Jetty rehearsed her after school chores in her mind on the 10 mile ride while sitting on the school bus.
Straightening the house, bringing in wood, feeding the chickens, hogs and gathering eggs, it was rather long list. What she did mind was drawing bucket after bucket of water from the well to water the half dozen horses; it took so long there was no time left for play.
Her home had a well on the back porch with a long, metal cylinder tube. She would let the tube descend into the well, raise it back up, release the metal latch for the water to go into the pail and carry it to the horse corral and pour it into the trough.
To Jetty it seemed an insurmountable job because no sooner than when she poured the water into the trough, than the horses would drink it dry. She could not pour the water fast enough to keep ahead of them.
So this day, she walked to the corral and the horses came to the fence. They were happy to see her. They didn’t notice the sour look on Jetty’s face even though it was aimed at them.
Her eyes traveled beyond the corral to the pond, the trees, and the green grass along the water’s edge. A couple of the cows were quenching their thirst there. She figured, “It could be worse; at least, she didn’t have to get water for the cows.”
Then, an idea popped into her mind, she decided she could take the horses, one at a time, to the creek, the one that crossed the road at the bottom of the hill.
All she had to do was figure a way to mount the horses, since she was unable to lift the heavy saddles. So Jetty retrieved the bridle, put it on the first horse and looked around for a solution. The metal barrel, she could roll it over to the stump; climb onto the stump, jump onto the barrel and onto the horse!
No, that wouldn’t work; she would still be in the corral with no one to open the gate, so first, she must get the horse out the corral.
She led out the horse through the gate, and walked him to the old wagon parked by the shed. Then, she climbed onto the wagon, and voila, she was on the first horse.
The scheme worked perfectly until she took Rip, the last of the 6 horses to the creek. Instead of standing in the edge of the creek and drinking his fill, he decided to wade in. Soon, Jetty was in the road at the other side of the creek and she tried to urge him back into the water.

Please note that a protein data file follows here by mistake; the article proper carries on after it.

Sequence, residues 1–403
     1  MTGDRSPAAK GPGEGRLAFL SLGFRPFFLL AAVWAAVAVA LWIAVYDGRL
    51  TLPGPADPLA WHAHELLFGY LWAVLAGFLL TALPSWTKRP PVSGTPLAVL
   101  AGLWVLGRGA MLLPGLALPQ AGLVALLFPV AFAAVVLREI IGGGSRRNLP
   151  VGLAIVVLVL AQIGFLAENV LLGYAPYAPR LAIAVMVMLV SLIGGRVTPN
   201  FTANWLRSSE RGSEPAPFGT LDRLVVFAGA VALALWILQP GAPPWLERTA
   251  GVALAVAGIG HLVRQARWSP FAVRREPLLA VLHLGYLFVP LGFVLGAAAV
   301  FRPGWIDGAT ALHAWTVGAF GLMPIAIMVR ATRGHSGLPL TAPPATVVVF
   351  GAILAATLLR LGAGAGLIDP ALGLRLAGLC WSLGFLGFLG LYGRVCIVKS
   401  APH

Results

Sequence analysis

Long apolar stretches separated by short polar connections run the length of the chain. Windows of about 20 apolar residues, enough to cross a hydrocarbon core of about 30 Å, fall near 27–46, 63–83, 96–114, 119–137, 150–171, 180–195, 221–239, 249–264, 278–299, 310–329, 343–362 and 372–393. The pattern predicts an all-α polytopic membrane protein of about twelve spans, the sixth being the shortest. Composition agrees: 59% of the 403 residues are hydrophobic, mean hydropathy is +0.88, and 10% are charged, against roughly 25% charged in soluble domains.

Rip, took a notion to wade upstream into deeper water. Her feet got wet and Jetty’s dress tail was dragging in the water and so far, Rip had not drunk a drop of water, but when the water was deep enough to suit him, he stopped and drank his fill.
Jetty worried, because Daddy would see the dry horse trough. Her plan was to draw a few buckets of water, let it run down the insides of the trough and it would look like the trough had been full.
Sure enough, Daddy commented there wasn’t much water in the trough. Jetty said, “Daddy, they have been watered, just see if they are thirsty.”
She decided this was the perfect solution to the ‘horse watering dilemma’ and she was very inventive in getting her work done.
One time she was supposed to mop the entire seven rooms and the hall of the house.
Once again, she didn’t want to draw the water, so she walked to that same creek behind the house and washed the mop each time. Only thing is, one time, she let the mop loose and it rushed down the creek to the river.
She told her Daddy, “A monster jumped out of the creek and grabbed it…”
Although Daddy was mad, he did say, “Jetty, you are so good at making up stories and finding new ways to get your chores done, you ought to be on the radio.
From that day on, she used the mop handle, pretending it was a microphone, and on days when she watered the horses, she pretended she was riding away from poverty, to a home with running water, and a house with a maid to do all of her chores!
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